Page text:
The first black woman to graduate as a medical doctor in South Africa was Mary Susan Malahlela in 1947. She graduated from the University of the Witwatersrand’s health sciences faculty at a time when most graduates were male and white.
Dr. Mary Malahlela was born in Polokwane (then Pietersburg) in 1917. Her higher education journey began at the University of Fort Hare in 1936 as a medical aid and pre-medical student. In 1941, she received funding from the Native Trust Fund, which enabled her to register as a medical student. During this era of apartheid there were no medical training opportunities for black South Africans. The first was later established as a segregated black medical faculty at the University of Natal (UNB) in 1951 while black student entry to historically white universities was restricted in 1959. In 1977 a second training site for black medical students was set up, MEDUNSA and the third in 1986 at the University of Transkei.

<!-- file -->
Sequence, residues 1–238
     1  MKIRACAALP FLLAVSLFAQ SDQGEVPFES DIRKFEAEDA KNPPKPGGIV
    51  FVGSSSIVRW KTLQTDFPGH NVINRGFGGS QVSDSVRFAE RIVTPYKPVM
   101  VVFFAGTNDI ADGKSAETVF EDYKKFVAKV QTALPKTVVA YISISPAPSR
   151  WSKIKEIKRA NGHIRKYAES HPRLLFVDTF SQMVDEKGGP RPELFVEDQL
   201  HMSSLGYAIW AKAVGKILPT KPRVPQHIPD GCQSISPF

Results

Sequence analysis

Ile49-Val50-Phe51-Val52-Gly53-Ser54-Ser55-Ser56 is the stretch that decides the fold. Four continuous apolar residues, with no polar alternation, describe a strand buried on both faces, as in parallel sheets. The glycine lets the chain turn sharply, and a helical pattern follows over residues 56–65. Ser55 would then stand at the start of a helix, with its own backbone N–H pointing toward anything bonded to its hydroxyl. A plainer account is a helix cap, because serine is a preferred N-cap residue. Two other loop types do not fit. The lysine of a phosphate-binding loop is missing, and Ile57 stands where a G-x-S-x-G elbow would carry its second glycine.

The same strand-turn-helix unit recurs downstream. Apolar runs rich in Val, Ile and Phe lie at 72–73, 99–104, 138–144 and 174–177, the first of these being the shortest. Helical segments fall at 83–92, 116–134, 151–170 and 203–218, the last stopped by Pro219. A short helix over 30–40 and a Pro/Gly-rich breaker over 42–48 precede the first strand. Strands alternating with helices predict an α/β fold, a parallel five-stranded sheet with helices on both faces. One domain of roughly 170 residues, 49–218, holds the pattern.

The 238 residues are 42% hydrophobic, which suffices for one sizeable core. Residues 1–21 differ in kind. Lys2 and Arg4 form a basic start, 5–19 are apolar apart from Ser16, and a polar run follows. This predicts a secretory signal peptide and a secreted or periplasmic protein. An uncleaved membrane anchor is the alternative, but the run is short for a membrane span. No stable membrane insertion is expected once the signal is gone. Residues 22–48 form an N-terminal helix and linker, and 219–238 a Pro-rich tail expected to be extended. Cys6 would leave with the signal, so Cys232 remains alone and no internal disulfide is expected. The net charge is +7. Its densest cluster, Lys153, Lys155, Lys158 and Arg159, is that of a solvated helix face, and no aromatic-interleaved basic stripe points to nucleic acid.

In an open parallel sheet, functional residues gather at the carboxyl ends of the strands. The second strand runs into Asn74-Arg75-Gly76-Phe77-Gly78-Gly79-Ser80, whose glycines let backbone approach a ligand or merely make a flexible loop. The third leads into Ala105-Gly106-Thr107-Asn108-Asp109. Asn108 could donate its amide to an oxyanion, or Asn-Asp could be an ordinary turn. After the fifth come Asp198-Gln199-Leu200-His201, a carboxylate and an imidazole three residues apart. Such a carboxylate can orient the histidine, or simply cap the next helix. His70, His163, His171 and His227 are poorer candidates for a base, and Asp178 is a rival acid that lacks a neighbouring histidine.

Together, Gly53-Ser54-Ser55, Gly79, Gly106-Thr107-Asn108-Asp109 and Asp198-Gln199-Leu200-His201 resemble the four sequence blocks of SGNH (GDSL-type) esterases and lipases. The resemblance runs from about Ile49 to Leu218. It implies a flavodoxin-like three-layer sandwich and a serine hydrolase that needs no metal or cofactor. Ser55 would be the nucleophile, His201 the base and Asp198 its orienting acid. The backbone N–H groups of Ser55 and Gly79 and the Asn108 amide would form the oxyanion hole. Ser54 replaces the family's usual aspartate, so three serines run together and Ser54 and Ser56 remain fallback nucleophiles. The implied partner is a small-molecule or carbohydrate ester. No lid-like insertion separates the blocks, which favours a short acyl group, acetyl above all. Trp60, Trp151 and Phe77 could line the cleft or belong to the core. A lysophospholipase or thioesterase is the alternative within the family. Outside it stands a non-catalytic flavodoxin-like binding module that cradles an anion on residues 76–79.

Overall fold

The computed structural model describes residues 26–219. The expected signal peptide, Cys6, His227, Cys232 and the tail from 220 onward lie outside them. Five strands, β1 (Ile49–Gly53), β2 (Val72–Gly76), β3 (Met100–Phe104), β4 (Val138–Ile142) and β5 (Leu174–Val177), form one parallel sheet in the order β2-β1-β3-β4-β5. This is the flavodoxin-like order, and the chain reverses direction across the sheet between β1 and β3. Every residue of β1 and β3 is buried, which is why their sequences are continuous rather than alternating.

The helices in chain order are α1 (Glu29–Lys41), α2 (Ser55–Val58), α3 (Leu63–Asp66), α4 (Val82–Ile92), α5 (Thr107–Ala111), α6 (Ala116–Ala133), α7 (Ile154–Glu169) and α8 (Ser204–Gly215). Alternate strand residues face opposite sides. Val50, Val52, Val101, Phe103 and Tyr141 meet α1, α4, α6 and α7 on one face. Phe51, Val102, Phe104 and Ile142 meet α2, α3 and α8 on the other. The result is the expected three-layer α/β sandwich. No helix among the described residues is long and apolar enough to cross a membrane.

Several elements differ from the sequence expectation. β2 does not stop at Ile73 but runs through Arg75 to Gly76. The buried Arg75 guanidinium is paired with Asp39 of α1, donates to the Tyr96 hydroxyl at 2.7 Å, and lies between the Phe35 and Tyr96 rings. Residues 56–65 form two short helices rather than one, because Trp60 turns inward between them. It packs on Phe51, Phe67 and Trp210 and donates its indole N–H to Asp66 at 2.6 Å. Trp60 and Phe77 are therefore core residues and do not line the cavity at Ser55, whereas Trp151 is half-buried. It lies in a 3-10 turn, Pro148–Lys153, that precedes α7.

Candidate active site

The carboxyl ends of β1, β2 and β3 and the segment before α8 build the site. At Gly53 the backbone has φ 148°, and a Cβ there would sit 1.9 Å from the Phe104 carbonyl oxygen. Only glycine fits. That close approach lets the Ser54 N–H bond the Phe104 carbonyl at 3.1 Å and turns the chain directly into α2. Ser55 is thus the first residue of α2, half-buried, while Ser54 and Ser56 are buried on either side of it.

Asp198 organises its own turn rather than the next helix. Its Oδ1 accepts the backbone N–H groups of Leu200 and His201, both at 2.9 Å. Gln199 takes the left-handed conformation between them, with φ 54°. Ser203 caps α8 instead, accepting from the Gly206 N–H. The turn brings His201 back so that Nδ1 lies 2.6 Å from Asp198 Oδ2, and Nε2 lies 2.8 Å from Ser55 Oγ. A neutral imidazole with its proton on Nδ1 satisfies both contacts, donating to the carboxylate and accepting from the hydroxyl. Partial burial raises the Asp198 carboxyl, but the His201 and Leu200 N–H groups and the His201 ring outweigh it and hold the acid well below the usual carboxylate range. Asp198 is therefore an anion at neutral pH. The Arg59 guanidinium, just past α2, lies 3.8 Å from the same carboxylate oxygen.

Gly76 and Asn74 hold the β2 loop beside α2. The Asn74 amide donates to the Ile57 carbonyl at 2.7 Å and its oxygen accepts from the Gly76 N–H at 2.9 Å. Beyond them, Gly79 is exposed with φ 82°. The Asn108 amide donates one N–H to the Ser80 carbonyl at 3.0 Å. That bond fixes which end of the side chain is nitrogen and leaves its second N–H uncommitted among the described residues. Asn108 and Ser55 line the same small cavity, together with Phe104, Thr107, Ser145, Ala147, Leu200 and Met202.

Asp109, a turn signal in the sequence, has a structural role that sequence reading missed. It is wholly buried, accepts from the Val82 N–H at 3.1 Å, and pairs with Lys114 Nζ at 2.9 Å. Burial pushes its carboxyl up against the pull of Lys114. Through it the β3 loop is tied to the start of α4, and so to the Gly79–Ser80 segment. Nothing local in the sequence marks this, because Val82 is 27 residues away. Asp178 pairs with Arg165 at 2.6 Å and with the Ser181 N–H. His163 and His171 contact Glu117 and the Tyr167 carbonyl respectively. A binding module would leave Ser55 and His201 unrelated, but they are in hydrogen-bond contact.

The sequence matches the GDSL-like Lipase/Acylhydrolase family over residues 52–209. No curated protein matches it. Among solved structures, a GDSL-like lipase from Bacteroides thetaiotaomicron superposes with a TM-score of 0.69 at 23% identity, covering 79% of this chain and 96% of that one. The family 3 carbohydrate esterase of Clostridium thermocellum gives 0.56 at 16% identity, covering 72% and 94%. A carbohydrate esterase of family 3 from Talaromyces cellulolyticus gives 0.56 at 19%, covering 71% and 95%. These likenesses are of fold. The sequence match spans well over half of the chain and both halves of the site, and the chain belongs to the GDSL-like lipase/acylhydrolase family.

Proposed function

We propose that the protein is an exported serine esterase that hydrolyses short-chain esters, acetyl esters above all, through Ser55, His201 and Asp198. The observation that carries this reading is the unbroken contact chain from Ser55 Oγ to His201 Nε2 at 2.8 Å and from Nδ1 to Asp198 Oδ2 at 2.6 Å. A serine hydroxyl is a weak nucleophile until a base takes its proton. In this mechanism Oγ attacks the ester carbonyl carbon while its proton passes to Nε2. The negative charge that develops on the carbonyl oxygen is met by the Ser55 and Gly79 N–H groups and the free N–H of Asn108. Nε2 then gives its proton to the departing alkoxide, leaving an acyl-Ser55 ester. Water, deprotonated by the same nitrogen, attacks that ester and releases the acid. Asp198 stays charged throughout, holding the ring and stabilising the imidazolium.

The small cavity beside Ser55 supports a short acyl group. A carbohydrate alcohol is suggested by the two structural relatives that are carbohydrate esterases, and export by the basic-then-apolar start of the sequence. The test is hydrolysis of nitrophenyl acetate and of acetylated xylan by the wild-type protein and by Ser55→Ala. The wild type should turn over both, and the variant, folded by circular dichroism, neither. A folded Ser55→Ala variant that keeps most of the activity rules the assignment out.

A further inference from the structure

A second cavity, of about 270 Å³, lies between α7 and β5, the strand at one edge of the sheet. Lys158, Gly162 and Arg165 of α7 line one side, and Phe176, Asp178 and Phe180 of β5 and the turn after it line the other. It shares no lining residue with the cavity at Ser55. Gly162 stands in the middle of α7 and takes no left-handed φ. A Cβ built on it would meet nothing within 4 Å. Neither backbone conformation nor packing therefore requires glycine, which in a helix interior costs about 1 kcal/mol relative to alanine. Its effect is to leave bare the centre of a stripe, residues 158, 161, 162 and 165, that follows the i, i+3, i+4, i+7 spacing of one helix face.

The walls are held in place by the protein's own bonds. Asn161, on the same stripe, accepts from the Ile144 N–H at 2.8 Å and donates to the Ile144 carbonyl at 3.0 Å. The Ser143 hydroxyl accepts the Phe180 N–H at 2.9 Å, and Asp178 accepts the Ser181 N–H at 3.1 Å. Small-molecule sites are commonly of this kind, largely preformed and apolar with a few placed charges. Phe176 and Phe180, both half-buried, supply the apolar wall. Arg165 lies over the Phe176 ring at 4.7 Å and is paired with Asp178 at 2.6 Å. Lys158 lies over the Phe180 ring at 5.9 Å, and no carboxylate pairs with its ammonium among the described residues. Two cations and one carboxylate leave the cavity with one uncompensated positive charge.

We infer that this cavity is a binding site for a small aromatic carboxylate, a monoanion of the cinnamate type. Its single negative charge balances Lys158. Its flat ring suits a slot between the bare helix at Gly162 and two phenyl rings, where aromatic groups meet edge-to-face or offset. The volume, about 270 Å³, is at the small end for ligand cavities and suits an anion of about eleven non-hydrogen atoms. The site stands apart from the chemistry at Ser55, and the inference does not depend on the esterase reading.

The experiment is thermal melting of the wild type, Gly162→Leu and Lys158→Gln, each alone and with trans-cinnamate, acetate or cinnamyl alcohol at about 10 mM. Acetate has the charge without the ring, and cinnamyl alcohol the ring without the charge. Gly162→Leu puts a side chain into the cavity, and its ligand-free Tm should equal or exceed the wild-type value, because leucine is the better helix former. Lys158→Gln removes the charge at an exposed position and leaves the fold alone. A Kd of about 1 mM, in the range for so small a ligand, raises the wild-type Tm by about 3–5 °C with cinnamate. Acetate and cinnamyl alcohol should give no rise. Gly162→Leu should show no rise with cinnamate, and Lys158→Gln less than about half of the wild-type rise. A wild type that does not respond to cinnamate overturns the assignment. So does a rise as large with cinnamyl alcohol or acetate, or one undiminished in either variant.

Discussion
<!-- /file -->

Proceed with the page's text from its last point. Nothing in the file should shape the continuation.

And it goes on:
This past week, the University of the Witwatersrand’s health sciences faculty unveiled a plaque in her honor. Her daughters, Linda Mandewo and Vuyelwa Tlhapi were present.
Dr. Malahela died on May 8, 1981 at the age of 65 after suffering a heart attack.
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